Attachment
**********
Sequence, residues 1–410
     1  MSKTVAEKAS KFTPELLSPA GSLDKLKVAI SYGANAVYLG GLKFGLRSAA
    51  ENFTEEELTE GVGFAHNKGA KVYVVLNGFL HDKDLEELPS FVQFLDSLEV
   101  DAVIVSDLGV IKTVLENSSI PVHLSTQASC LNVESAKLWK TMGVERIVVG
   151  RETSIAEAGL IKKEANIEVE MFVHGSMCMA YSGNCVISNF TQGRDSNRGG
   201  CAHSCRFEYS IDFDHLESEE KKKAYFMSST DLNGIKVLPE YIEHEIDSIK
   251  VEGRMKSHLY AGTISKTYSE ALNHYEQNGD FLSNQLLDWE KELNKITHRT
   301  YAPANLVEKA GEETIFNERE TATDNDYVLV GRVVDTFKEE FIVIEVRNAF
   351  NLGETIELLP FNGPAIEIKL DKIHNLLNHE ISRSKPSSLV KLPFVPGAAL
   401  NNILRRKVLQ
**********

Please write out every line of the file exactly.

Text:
Sequence, residues 1–410
     1  MSKTVAEKAS KFTPELLSPA GSLDKLKVAI SYGANAVYLG GLKFGLRSAA
    51  ENFTEEELTE GVGFAHNKGA KVYVVLNGFL HDKDLEELPS FVQFLDSLEV
   101  DAVIVSDLGV IKTVLENSSI PVHLSTQASC LNVESAKLWK TMGVERIVVG
   151  RETSIAEAGL IKKEANIEVE MFVHGSMCMA YSGNCVISNF TQGRDSNRGG
   201  CAHSCRFEYS IDFDHLESEE KKKAYFMSST DLNGIKVLPE YIEHEIDSIK
   251  VEGRMKSHLY AGTISKTYSE ALNHYEQNGD FLSNQLLDWE KELNKITHRT
   301  YAPANLVEKA GEETIFNERE TATDNDYVLV GRVVDTFKEE FIVIEVRNAF
   351  NLGETIELLP FNGPAIEIKL DKIHNLLNHE ISRSKPSSLV KLPFVPGAAL
   401  NNILRRKVLQ